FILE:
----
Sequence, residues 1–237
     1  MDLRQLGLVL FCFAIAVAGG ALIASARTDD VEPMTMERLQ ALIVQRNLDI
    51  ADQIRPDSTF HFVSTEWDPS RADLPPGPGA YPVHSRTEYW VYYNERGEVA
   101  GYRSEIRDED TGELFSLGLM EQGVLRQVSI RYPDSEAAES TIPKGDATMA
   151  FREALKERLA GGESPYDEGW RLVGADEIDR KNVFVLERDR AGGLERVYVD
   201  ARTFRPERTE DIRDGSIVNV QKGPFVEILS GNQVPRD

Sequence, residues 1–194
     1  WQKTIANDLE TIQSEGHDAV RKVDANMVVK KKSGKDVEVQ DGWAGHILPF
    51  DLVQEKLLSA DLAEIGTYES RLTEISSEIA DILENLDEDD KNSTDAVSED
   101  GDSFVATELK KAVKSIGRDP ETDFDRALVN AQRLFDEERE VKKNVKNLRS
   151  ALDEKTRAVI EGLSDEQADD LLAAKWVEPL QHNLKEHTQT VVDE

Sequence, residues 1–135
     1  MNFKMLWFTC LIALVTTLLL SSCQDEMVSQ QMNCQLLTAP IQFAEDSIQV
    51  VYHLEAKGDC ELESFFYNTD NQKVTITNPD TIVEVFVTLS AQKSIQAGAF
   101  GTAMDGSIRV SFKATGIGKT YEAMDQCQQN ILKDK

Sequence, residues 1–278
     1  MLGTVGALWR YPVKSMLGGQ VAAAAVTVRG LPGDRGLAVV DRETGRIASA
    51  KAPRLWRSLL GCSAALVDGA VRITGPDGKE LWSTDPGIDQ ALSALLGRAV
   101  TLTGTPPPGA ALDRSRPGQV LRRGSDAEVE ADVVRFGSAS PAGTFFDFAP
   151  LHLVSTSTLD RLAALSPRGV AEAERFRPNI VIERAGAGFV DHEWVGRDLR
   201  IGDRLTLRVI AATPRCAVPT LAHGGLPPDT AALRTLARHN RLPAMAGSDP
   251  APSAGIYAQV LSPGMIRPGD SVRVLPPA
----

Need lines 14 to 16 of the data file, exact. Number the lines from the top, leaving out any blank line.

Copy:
    51  VYHLEAKGDC ELESFFYNTD NQKVTITNPD TIVEVFVTLS AQKSIQAGAF
   101  GTAMDGSIRV SFKATGIGKT YEAMDQCQQN ILKDK

Sequence, residues 1–278